The question is continually raised after each of NASCAR's new-era restrictor plate races: is the two-car tandem draft "real racing"?
Racing is all about doing whatever it takes to get to the finish line first. In some cases, it's about having the fastest car. In others, it's about the fastest pit crew. Some races play out so that the winner is the one with the best fuel mileage. And in four races a year, it's about who gets the best push from their partner on the final lap.
The two-car draft isn't exactly a new phenomenon. Go back and watch Kevin Harvick move to the front down the backstretch on the final lap of the 2007 Daytona 500. It's just that now it's each driver, each green flag lap all race long.
There are questions by long-time, award-winning writers asking if the lead changes (which have come in record numbers with this style of racing) actually mean anything. The answer to that one is simple: does any lead change other than the last one ever mean anything? When Dale Earnhardt won at Talladega in 1984, did any of the first 73 lead changes that day mean anything? No, only the final one in which Earnhardt took the lead did. But here's the rub: any lead change could be the last one, even one on lap 2 at Daytona.
For too long, we've heard how the number of lead changes (and also the number of cars on the lead lap) are benchmarks of competitiveness. The more lead changes the more competitive the race, and by extension, the more exciting the show for the fans. While that's generally true, it's not always the case. One of the best races I've ever seen was a 400-lap ASA race at the quarter-mile Anderson Speedway that was led green to checkered by Steve Holzhausen. Conversely, some of the most tedious races I've watched were some plate races with the big packs and plenty of artificial lead changes.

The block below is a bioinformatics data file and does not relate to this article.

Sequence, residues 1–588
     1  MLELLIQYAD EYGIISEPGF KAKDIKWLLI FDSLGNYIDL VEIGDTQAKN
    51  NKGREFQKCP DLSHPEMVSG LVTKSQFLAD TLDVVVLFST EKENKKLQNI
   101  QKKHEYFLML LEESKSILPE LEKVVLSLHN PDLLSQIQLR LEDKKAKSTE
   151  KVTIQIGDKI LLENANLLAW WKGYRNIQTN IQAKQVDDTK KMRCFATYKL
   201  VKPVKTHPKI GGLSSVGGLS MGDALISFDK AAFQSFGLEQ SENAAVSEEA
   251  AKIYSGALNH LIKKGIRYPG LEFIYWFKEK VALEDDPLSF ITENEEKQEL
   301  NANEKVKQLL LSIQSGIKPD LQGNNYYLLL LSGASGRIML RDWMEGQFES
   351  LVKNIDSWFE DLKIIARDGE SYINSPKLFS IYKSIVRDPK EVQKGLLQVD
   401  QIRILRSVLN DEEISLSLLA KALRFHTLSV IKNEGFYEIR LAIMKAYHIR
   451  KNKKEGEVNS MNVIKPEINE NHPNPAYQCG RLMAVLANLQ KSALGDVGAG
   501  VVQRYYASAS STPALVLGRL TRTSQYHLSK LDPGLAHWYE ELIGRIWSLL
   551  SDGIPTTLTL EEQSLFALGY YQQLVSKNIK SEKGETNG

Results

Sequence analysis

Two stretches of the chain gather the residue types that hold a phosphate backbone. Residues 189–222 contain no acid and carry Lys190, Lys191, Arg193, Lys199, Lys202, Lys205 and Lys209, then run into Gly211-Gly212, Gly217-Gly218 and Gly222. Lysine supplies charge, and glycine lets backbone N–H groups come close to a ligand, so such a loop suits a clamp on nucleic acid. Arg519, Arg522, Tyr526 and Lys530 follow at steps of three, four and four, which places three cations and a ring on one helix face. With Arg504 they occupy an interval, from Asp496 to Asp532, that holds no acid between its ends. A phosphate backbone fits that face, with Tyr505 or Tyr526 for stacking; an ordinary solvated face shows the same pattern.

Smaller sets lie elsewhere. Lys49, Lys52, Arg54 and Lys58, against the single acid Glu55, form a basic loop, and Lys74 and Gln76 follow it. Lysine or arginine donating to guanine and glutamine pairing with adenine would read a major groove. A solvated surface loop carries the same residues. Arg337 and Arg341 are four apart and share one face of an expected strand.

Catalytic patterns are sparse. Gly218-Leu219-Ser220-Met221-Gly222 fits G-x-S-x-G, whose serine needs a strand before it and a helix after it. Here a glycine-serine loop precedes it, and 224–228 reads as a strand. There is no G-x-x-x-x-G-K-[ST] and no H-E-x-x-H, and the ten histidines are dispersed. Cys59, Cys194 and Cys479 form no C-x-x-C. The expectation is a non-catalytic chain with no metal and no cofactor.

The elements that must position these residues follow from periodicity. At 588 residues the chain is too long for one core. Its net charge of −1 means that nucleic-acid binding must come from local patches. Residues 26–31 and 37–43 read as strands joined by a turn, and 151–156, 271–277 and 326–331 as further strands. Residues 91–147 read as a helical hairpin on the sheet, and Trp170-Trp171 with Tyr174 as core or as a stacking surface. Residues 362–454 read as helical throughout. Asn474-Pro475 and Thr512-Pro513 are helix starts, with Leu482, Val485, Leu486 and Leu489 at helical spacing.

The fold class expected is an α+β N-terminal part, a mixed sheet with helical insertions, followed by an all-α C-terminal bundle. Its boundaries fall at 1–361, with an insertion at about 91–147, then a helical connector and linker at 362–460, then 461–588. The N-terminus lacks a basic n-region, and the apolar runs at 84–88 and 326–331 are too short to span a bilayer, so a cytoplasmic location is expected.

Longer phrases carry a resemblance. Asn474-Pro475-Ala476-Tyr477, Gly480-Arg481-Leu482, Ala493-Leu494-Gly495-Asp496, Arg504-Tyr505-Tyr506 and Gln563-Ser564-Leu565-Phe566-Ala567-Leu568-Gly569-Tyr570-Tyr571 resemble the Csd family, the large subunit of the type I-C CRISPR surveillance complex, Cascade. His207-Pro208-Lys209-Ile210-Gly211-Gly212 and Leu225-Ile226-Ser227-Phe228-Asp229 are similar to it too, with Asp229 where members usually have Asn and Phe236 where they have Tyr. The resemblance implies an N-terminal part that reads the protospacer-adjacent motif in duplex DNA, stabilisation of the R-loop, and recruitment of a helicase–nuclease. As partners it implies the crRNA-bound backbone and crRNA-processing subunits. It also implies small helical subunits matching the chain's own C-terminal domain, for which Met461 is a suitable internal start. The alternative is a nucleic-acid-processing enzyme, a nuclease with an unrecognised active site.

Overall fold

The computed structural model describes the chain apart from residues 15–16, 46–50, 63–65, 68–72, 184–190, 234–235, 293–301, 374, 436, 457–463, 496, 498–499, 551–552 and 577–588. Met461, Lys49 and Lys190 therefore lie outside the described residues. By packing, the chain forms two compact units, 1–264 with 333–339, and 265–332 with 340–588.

Does today's plate racing offer edge-of-your-seat excitement from green to checkered? I think so. It's not because the drivers are in one big pack and one mistake could take out two-thirds of the field at any time. But instead it's because of the skill and timing it takes to successfully make a two-car draft work. You can go from first to sixteenth in one lap or sixteenth to first just as easily now as you could then, but the danger of wiping out half the field or more is dramatically lessened. And the bonus, at least to me, is the speed which often approaches or even exceeds 200 mph.
Sure, pack racing was exciting. The big wrecks were highlight reel material. But too often we saw The Big One break out early leaving 20+ cars to just ride around and log laps hoping to improve a position or two instead of being in contention to win.
As the pavement at Talladega and Daytona slowly loses grip it could be we'll see yet another evolution in plate racing. Maybe NASCAR will make some rules changes to mix things up once again. Until then, I'm going to continue to enjoy the new-era plate races and enjoy the unpredictability they offer.